A district council has obtained an emergency planning injunction against a landowner who threatened to give land away for an unauthorised gypsy site in a bid to “ruin the village”.
Linda Tate (also known as Linda Watson) had been unsuccessful in her attempt to live on the land in the village of Kirtling, near Newmarket, and operate a stable business there.
In response to the approach taken by East Cambridgeshire District Council and a lack of support from local villagers, she threatened to emigrate and give the land to gypsies to "ruin the village". These threats were not only made to council officers, but also to the local and national press.
If an unauthorised gypsy site were to be established on the land, this would have constituted a significant breach of planning control. The land is currently only able to be used for equine purposes.
Jack Smyth of No 5 Chambers was instructed by East Cambridgeshire to seek an ex parte injunction against Tate to prevent the anticipated breach of planning control.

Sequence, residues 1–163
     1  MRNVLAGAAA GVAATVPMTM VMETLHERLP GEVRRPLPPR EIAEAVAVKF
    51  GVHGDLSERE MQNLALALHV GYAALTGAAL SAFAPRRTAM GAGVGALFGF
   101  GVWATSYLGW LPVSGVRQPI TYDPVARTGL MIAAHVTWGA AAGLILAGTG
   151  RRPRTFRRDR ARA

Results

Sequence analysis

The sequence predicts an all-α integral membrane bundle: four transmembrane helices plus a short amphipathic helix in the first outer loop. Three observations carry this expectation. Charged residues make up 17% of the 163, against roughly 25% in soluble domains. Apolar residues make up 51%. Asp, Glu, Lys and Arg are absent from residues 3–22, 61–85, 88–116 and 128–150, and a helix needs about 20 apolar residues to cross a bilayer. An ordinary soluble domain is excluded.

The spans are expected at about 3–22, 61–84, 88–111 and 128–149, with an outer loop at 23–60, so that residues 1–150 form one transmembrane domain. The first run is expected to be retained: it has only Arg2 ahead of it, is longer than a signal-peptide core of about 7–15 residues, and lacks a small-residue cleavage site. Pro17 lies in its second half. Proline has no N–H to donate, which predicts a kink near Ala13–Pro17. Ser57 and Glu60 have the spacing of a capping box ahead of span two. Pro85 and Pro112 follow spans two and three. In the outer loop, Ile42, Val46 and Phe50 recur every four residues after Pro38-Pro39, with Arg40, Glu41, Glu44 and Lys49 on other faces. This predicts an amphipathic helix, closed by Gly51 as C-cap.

The matter was brought to the High Court sitting in Birmingham at short notice on 12 September 2017.
The judge granted the injunction on the basis that it was just and proportionate to afford protection to the land given the threats made by Tate.
The injunction, which was served on Tate on 14 September, means that the erection or siting of any additional buildings, siting of caravans/mobile homes, laying hardstanding/piping or excavating/importing material would be a criminal offence.
Jo Brooks, Director of Operations for East Cambridgeshire, said: “We have worked hard to challenge the reputation the sector has for hindering rather than helping people with applications for development. In our District there is no barrier to building for people who follow the rules and comply with planning policy. We are proud of being a facilitator for growth and will continue to be so.
“However, our firm but fair policy means that we will take swift action against people who do not follow due process. Those who flout regulations or fail to follow the rules and planning policy are not treated leniently. After all, we have a duty to enforce where it is considered reasonable and proportionate and uphold national planning regulations and guidance.”